Dorobek Dose: Meet the NIH scientist helping to end pediatric AIDS — Sammies Finalist

Happy Thursday — Chris Dorobek is off this week. So I will be filling in. We are going to do the show a bit differently. Each day we will feature a Dose of Dorobek — a shorter five minute interview that focuses on helping you do your job better and tips for navigating around GovLoop.

On today’s program

  • One National Institute of Health scientist defied convention to help stop the transmission of AIDS to children. Her work has made her a finalist to the Service to America Medals — the Oscars for Federal Employees. You’ll meet her. Click here for the full story.
  • And in your Call to Action — the General Services Administration launched a program to root out waste fraud and abuse — and saved millions — could your agency do the same? Find out how they did it.

The 3 stories that impact your life for Wednesday the 22nd of August, 2012

  1. A 15-minute training video that cost the Department of Veterans Affairs joins the list of examples of excessive spending at two agency conferences. The 52,000 dollar video spoofing General George Patton was designed to tell attendees about the agenda. But now Federal News Radio says Congress is demanding answers and accountability. And VA Secretary Eric Shinseki is just as upset. He says the parody should never have been produced. He called it a completely unacceptable misuse of taxpayer funds.
  2. Meanwhile, the Defense Department held 64 conferences that cost more per attendee than the infamous General Services Administration Western Regions conference. Representative Darryl Issa says his staff analyzed thousands of documents, and found a total of 153 expensive federal conferences over a five-year period. Federal News Radio says Issa has sent letters demanding information to several departments and agencies, including the DoD, Agriculture, Interior, Health and Human Services and Education. Details of the GSA conference led to the resignation of Administrator Martha Johnson.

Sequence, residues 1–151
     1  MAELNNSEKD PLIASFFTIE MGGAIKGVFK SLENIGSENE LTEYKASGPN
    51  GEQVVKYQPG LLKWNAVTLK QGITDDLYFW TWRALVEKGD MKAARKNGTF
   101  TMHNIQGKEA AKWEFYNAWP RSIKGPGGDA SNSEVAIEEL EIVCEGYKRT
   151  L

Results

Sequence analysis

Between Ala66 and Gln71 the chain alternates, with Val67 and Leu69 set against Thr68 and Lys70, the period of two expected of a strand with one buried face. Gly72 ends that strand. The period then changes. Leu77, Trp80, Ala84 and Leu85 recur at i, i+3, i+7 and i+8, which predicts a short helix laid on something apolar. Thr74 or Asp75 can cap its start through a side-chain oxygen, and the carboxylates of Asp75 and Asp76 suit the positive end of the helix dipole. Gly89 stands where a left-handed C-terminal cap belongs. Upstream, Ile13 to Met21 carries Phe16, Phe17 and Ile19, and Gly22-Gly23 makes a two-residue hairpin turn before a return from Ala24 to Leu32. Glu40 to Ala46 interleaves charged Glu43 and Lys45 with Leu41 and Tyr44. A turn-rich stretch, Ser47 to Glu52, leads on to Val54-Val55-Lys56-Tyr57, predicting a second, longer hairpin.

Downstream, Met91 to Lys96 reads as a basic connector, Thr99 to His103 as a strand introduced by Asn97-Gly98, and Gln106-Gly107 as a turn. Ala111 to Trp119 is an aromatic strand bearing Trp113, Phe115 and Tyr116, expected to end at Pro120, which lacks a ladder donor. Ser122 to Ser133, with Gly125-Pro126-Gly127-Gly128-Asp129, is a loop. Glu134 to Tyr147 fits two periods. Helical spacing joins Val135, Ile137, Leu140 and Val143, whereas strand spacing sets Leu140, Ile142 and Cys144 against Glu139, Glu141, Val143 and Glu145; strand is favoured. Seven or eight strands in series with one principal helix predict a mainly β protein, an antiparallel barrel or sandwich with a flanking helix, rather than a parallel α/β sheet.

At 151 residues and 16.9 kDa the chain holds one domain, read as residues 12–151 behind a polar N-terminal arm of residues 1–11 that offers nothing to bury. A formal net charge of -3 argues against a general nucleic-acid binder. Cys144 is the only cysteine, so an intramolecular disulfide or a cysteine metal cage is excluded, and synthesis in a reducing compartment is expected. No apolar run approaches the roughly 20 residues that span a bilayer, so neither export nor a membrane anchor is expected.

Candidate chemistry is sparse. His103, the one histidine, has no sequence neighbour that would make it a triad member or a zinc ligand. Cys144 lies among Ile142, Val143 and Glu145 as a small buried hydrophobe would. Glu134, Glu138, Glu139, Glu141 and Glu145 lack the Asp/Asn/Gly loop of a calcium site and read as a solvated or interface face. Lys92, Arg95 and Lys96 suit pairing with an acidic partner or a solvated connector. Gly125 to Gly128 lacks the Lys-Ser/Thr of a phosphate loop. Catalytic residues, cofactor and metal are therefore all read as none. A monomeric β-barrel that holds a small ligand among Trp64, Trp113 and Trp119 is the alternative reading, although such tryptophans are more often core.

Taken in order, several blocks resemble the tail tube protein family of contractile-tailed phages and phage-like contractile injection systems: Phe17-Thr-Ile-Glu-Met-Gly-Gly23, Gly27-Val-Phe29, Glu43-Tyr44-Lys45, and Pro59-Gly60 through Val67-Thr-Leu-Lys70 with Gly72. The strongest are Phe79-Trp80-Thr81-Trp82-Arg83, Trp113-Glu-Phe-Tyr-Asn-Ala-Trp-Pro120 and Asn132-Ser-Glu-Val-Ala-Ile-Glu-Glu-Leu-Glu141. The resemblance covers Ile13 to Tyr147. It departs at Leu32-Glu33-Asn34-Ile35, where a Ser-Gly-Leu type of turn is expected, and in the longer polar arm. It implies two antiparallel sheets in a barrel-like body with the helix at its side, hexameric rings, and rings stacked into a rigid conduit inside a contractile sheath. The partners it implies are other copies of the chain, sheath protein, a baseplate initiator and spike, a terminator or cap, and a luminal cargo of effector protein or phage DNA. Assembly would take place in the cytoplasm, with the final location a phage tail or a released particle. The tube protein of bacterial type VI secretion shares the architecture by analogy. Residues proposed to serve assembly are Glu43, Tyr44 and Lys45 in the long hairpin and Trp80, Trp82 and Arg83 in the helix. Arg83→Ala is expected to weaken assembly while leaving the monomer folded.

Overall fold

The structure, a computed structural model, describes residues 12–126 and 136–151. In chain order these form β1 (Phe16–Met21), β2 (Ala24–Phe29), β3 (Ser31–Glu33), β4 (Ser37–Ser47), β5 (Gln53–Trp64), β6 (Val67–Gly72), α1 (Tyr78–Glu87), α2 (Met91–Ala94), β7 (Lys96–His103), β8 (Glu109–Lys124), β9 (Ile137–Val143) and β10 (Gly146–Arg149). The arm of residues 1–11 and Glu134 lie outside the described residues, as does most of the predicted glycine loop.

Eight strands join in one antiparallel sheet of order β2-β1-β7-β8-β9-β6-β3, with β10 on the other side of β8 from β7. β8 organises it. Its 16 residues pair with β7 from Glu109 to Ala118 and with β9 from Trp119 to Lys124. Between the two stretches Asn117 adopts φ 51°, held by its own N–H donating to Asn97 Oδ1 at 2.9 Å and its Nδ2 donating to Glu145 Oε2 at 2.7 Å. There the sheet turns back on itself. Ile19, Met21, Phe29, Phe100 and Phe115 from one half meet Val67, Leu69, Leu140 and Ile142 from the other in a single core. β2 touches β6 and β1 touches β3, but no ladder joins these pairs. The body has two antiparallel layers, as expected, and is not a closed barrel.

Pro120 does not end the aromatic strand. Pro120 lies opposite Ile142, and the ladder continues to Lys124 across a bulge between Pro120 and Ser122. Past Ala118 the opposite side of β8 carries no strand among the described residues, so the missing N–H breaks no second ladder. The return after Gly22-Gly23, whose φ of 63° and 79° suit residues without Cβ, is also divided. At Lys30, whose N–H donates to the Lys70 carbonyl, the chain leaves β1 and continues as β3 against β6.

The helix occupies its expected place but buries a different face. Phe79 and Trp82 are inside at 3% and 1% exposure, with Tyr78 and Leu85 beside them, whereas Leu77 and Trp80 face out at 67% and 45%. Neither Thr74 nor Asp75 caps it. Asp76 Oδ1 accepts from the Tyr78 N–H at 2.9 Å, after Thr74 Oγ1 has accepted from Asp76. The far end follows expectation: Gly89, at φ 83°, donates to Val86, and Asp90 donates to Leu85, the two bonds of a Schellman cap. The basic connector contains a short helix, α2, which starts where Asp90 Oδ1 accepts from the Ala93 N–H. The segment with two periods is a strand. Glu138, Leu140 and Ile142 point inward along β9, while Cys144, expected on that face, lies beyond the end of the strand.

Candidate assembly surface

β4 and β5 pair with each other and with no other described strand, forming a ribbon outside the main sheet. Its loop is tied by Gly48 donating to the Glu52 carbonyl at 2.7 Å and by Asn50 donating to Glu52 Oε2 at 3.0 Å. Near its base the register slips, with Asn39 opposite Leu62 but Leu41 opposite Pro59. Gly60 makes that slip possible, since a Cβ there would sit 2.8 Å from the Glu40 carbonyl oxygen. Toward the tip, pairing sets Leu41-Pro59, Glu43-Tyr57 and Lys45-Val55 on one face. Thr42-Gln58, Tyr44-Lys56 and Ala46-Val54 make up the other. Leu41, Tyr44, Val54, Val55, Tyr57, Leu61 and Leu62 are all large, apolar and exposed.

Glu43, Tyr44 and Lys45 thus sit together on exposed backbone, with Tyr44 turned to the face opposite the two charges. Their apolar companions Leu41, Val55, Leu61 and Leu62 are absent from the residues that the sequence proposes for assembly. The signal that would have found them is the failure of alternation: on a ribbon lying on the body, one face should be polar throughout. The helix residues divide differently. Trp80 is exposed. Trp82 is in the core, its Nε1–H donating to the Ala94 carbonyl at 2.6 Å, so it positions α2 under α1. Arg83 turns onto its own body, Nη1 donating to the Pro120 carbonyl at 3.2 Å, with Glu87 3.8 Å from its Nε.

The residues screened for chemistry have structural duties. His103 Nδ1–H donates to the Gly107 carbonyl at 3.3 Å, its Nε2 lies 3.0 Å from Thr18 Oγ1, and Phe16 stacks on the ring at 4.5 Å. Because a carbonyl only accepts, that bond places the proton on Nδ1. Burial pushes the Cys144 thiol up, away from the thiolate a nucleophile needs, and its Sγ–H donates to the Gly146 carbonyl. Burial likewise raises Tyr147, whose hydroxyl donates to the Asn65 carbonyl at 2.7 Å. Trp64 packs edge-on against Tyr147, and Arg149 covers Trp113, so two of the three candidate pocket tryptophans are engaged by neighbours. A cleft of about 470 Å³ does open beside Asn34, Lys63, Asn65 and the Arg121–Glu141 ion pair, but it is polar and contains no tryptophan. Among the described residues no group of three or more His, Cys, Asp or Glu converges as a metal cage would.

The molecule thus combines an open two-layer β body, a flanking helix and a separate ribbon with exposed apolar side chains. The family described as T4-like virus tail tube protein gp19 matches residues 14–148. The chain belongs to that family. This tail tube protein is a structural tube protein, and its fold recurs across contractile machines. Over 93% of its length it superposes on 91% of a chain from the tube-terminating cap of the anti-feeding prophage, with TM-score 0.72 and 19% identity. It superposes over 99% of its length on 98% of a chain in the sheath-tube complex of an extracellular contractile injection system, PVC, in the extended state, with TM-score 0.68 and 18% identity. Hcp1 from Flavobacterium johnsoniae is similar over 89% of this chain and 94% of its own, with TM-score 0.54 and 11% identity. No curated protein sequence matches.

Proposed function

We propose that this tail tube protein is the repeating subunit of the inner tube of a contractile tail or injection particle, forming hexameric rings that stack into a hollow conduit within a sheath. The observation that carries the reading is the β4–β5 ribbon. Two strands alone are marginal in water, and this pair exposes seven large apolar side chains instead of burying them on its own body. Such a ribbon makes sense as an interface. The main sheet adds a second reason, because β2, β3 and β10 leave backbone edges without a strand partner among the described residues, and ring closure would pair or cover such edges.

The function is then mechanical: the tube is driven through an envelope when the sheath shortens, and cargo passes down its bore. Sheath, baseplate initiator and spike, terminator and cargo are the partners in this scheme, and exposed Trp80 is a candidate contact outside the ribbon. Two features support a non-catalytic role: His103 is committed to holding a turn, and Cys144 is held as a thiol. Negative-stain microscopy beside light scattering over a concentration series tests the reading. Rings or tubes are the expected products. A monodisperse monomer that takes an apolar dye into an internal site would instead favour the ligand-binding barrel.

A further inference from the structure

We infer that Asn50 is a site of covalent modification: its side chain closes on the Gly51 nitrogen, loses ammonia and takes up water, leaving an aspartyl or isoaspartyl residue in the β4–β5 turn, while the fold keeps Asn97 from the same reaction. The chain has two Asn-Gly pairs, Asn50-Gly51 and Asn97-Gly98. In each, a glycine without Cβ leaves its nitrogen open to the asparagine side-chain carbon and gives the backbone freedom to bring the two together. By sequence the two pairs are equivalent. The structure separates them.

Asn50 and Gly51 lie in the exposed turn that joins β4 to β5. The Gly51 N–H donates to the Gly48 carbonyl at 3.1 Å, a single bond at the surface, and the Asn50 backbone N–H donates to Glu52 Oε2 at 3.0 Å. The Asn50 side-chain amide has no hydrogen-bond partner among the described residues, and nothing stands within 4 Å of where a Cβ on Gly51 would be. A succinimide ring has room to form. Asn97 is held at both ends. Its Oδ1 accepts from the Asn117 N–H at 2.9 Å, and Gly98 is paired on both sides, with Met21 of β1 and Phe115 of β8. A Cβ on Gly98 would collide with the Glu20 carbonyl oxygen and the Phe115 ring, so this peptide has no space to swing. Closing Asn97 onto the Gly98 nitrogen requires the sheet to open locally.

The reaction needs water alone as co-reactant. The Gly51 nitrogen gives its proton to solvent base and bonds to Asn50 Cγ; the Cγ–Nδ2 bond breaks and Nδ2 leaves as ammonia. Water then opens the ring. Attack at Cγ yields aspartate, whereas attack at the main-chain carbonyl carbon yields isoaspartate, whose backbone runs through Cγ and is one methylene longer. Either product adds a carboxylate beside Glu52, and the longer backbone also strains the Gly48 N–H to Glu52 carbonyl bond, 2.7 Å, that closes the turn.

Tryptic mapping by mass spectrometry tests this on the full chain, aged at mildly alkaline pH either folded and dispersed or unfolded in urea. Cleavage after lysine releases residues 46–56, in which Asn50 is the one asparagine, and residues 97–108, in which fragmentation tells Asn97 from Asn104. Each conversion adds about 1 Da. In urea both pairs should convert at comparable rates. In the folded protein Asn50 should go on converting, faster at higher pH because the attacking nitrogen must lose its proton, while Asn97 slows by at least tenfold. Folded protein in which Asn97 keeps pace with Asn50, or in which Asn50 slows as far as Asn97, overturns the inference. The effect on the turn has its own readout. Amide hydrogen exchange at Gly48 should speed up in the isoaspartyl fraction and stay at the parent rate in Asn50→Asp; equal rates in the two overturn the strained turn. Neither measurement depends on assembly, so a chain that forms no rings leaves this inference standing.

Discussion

3. And speaking of money problems — the Congressional Budget Office is warning lawmakers to end their budget stalemate. Otherwise, the nation could plummet into another recession. Federal News Radio says 2 million Americans could lose their jobs by the end of next year. Analysts said sequestration, those automatic spending cuts set to kick in in January, combined with already-scheduled tax hikes would total $500 billion, and that would be too much for a struggling economy to handle.

Call to Action — we are going to highlight one agency or department that is making a big difference — and ask if their success can be applied to your agency too?

  • First up is the General Services Administration. They went on a hunt for great ideas and came back with $5 million in savings. GSA asked employees to suggest ways to cut costs. The staff voted. Now administrators plan to implement the top five ideas. One of the cost cutting measures was to cut newspaper and magazine subscriptions. GSA is creating a website to let vendors share similar ideas. So what do you think? Could your agency launch a cost cutting hunt?

Coming up tomorrow on GovLoop Insights’ DorobekINSIDER

  • We had the GSA conference gate — now the Department of Veterans Affairs is facing a similar conference scandal. We’ll get the inside scoop.

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